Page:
abstract = "Purpose: Little is known about how the number of HPV vaccine doses affect adherence to screening guidelines. This study compared adherence to cervical cancer screening by the number of HPV vaccine doses received by young women and assessed whether the specialty of vaccinating providers affected behavior. Methods: This retrospective cohort study using administrative insurance claims records included 24,964 19-26 year old women who received at least 1 injection of the HPV vaccine between January 2006 and November 2009. Vaccinated young women continuously enrolled in a nationally-representative private insurance plan for 6 months prior to and 37 months after HPV vaccine administration were included. Logistic regression was used to compare the odds of Papanicolaou (Pap) testing 3 years after vaccine initiation by number of vaccine doses and provider type. Results: In this sample, 79.3{\%} had a Pap test 3 years following vaccine initiation. Receiving 1 (aOR: 0.60, 95{\%} CI 0.55-0.65) or 2 (aOR: 0.80, 95{\%} CI 0.74-0.87) doses was associated with decreased odds of Pap testing compared to 3 doses. Many young women in our sample (16.5{\%}) were diagnosed with cervical dysplasia prior to HPV vaccination. Patients vaccinated by non-obstetrician/gynecologists were less likely to get a Pap test following vaccination. Conclusions: Women who received 1 or 2 doses of the HPV vaccine were less likely than those who received 3 doses to be screened for cervical cancer 3 years following vaccine initiation. Pediatricians and primary care physicians should convey the importance of initiating and continuing screening to HPV vaccinated patients.",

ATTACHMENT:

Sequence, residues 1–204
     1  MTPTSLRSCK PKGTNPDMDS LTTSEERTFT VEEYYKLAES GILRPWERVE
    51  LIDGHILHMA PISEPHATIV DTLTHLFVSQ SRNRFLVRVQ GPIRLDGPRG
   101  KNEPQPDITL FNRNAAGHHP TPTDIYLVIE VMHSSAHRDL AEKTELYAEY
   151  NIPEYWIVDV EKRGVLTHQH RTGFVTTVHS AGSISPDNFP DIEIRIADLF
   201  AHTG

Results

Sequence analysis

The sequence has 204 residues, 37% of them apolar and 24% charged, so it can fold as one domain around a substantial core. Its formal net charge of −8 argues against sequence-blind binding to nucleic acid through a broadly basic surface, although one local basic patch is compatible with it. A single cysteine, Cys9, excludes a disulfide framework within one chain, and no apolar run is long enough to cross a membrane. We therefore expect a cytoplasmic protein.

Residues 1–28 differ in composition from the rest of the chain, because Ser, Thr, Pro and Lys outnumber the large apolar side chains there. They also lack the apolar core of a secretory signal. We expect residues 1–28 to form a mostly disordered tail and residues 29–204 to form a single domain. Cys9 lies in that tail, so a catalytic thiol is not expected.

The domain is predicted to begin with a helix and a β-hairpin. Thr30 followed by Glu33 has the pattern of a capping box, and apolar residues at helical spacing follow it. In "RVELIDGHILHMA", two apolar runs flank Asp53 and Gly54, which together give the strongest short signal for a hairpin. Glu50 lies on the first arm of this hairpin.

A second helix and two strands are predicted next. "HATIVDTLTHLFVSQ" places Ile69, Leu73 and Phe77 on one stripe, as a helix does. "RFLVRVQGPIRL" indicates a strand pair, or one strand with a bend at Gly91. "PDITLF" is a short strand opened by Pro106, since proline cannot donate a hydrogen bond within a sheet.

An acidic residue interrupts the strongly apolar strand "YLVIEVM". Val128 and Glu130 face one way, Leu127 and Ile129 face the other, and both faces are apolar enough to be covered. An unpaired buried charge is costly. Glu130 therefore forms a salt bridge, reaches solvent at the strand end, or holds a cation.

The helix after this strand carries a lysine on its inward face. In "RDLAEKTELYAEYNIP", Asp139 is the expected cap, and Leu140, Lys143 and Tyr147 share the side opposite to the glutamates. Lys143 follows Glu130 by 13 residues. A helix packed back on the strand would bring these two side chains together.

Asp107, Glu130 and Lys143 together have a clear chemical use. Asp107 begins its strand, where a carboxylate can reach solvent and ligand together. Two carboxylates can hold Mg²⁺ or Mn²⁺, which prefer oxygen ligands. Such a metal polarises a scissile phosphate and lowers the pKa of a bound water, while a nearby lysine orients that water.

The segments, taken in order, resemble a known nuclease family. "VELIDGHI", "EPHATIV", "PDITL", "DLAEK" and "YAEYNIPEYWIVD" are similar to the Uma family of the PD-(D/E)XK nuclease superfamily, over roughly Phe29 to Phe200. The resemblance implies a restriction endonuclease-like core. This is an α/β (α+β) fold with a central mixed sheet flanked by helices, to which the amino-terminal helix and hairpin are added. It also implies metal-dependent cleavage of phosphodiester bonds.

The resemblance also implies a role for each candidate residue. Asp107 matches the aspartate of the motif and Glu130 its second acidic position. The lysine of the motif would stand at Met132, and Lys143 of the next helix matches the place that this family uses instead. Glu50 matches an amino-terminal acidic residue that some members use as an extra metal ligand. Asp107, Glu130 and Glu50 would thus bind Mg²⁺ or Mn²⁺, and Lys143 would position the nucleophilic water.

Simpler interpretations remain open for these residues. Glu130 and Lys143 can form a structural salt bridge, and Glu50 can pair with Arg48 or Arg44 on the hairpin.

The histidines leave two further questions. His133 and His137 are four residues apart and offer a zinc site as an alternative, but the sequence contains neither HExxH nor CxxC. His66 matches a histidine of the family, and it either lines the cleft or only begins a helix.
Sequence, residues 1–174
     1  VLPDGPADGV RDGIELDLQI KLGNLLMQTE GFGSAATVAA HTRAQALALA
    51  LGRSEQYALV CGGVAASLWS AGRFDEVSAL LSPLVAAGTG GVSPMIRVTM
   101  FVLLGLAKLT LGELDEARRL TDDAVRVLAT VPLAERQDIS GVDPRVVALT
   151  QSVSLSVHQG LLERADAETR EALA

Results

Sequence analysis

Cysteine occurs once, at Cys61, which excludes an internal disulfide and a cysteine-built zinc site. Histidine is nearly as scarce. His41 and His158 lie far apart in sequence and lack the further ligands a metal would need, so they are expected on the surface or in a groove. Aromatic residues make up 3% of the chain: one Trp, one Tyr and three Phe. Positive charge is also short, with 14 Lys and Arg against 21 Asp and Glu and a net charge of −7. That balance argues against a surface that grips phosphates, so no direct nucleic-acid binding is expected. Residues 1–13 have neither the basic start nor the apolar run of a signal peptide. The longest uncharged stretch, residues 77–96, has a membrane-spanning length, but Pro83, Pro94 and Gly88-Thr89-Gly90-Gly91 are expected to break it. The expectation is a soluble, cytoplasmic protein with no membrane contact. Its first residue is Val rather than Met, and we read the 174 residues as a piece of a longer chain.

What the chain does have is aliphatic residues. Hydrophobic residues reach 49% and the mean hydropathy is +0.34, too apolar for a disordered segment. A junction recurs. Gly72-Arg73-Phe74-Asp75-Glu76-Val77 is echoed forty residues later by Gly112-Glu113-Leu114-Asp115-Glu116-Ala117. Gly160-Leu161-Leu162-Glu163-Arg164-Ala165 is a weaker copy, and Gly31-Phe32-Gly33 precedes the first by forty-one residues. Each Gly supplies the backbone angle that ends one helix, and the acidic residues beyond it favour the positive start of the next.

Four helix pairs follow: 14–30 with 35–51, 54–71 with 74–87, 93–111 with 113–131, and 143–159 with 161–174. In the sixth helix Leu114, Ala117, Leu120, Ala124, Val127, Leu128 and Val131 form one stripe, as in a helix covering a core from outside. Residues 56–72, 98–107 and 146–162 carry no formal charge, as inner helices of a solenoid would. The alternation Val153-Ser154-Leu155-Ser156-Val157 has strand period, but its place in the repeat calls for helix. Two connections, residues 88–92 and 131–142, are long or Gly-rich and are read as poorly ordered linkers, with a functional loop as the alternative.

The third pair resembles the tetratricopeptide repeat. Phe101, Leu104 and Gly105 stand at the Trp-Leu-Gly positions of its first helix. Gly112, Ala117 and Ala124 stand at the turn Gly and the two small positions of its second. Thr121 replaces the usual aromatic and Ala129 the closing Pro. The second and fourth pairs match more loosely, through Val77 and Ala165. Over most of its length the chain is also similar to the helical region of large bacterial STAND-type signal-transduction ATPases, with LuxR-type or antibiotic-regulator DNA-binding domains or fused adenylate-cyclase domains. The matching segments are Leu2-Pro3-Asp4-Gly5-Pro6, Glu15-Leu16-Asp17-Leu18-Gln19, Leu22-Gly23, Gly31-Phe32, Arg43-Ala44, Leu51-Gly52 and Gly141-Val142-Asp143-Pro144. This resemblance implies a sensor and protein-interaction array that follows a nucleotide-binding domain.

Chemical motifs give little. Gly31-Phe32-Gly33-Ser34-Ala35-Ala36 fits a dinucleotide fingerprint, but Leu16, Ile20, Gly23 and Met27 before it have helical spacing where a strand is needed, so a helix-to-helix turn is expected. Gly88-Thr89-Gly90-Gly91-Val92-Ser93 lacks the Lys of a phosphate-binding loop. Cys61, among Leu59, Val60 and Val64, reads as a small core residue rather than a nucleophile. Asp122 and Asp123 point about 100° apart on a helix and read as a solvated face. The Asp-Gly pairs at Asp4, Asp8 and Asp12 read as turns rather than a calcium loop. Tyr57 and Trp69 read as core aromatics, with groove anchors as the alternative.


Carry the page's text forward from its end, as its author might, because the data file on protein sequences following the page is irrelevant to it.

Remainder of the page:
keywords = "Cervical intraepithelial neoplasia, Health care providers, Human papillomavirus, Papanicolaou smear, Papanicolaou test, Papillomavirus vaccines",
author = "Jacqueline Hirth and Lin, {Yu Li} and Kuo, {Yong Fang} and Abbey Berenson",
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AU - Hirth, Jacqueline

AU - Lin, Yu Li

AU - Kuo, Yong Fang

AU - Berenson, Abbey

PY - 2016/7/1

Y1 - 2016/7/1